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Best ND filters for GoPro

9 mins
Drone Blog
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GoPro cameras are still used for many drone filming applications. For example, I use GoPro cameras with some of my FPV drones.

To get the best footage from GoPro cameras, you will need to ditch the Auto feature and delve into settings like frame rate and shutter speed. This is how stunning cinematic motion blur can be achieved with GoPro footage.

However, there is a (not very secret) tool that you will need for this to work well and that tool is neutral density (ND) filters.

What are ND Filters? #

ND (neutral density) filters are like sunglasses for a camera. They allow for longer exposures without over-exposing the camera sensor.

To manage exposure without an ND filter, the shutter speed can be increased or made faster.

However, to maintain correct exposure in bright conditions the shutter speed may be so fast that footage from the camera becomes choppy because each frame is not exposed for long enough.

Choppy footage is particularly noticeable when objects in the footage are moving.

Therefore, slowing the shutter speed and using an ND filter helps maintain correct exposure and make the motion in the footage look smooth.

However, lowering the shutter speed by a lot can introduce significant motion blur in the footage.

The 180-Degree Rule #

So how do we choose a shutter speed suitable for the frame rate and subject that we are filming with? There is a useful term in videography and cinematography known as shutter angle.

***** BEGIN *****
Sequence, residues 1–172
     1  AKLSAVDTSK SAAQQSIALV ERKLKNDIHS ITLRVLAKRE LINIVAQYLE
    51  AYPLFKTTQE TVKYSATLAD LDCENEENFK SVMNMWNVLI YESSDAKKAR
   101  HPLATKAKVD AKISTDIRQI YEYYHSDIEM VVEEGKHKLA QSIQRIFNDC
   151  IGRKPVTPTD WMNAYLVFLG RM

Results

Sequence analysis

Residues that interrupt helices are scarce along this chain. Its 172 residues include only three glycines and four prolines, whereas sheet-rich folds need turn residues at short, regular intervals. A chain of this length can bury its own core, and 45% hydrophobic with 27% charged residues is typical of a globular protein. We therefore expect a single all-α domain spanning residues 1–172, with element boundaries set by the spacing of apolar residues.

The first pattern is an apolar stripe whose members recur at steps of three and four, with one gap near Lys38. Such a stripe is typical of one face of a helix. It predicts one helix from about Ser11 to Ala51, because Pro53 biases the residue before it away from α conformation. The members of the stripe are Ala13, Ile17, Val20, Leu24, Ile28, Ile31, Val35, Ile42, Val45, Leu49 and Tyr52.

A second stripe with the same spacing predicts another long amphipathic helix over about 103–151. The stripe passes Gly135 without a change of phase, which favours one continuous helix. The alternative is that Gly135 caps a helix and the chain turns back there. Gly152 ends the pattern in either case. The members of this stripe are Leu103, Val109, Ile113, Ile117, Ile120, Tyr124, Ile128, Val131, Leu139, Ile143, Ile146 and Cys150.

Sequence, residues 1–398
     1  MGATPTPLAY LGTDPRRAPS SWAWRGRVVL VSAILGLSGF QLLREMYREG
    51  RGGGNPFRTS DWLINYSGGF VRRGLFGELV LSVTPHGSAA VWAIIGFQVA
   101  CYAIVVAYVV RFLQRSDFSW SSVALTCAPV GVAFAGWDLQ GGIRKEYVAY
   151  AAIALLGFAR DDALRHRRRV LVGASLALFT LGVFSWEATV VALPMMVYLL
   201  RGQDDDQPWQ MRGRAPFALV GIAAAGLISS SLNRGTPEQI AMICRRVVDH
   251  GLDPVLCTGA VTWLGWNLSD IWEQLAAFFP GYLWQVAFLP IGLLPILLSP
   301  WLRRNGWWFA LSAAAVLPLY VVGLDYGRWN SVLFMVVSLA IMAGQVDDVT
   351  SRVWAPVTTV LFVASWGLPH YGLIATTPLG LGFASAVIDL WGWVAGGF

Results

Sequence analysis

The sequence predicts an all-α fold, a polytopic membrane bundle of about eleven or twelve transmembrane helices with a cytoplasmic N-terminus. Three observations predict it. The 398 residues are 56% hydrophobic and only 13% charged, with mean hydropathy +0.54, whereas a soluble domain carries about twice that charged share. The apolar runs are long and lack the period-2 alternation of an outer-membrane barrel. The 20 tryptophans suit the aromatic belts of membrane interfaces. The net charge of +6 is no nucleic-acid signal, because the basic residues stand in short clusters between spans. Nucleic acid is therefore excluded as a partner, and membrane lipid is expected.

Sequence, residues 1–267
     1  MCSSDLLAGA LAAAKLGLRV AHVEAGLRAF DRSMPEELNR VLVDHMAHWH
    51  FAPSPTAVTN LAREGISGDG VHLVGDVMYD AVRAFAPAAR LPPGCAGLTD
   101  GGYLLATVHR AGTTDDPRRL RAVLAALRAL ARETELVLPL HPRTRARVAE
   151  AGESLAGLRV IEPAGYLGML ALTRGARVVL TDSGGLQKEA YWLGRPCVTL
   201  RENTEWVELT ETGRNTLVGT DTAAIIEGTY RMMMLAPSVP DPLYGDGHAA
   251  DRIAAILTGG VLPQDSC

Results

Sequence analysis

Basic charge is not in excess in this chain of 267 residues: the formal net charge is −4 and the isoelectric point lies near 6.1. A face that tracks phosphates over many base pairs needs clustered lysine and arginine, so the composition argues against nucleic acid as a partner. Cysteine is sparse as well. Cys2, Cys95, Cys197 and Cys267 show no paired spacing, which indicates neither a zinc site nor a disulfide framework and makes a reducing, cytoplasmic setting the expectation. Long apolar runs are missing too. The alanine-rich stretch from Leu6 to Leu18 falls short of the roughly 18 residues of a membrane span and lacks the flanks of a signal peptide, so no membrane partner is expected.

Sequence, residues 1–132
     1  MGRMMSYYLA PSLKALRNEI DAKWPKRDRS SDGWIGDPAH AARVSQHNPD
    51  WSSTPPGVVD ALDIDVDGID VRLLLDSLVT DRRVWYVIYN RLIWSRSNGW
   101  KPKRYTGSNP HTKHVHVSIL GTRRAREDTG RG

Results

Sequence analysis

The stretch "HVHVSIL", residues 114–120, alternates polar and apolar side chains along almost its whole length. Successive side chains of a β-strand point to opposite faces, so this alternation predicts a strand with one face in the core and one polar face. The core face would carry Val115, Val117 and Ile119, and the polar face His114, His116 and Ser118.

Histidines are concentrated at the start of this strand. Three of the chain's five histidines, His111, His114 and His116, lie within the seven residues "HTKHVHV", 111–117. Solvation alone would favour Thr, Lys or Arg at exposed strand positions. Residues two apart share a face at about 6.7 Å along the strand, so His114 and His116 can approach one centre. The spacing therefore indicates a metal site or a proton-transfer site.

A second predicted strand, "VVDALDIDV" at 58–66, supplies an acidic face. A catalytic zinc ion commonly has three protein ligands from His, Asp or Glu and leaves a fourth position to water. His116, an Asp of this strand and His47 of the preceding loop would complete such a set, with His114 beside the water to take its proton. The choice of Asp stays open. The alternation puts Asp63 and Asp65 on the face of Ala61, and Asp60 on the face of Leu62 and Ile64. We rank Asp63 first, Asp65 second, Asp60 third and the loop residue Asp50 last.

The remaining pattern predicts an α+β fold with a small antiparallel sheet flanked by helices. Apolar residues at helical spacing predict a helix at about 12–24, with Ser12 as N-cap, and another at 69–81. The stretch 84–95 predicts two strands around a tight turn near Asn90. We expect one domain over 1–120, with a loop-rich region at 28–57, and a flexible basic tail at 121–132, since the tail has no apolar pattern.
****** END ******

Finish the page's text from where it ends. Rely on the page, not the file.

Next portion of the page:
Shutter angle comes from capturing footage on film, with film cameras having a shutter that rotates to expose each frame.

The angle between openings on the shutter determines how long the film is exposed for.

Typically, for natural motion blur, a 180-degree shutter angle is used. This equates to the shutter speed being twice the frame rate.

For example, if filming at 24 frames per second, then at a 180-degree shutter angle, the shutter speed would be 1/48s.

180-degree and 90-degree shutter angles work well with GoPro cameras, with a 90-degree shutter angle being twice as fast a shutter speed than a 180-degree shutter angle.

For example, shutter speed is 1/96s at 24 frames per second for a 90-degree shutter angle.

However, at lower frame rates, even a 180-degree shutter angle can introduce too much motion blur when filming fast motion.

ND Filter Range #

ND filters are typically tinted glass and are usually sold in sets with various tints to suit a variety of conditions. Increased tint corresponds to a higher ND filter value.

Deciding which tint or filter value is suitable for correct exposure can take a bit of trial and error, but becomes easier with experience.

For reference, on a bright day, ND16 or ND32 filters give good results with GoPro cameras, however, this will vary depending on the frame rate and shutter angle selected.

GoPro Specific ND Filters #

There is also a range of different types of ND filters available for GoPro cameras. There are ND filters that simply slide over the stock lens of a GoPro with a friction fit.

These are a cheap option to start using with your GoPro and are thus cheap to replace if they become damaged. However, a friction fit isn’t the most secure option and the ND filter could be knocked off.

There are also magnetic ND filters available. These are generally made for the Hero 8 camera. These claim to provide a more secure mounting than friction-fit ND filters, at a slightly higher cost.

There is an optional type of ND filter that can be used in place of the foremost lens on GoPro Hero 9, 10, and 11 cameras.

The foremost lens of these GoPro cameras can twist off and on. These are known as twist-on ND filters. For example, GoPro sells Polar Pro ND filters with this twist-on mounting system.

ND filters from other brands such as Freewell, Telesin, Skyreat, and Camera Butter are also available. See below:


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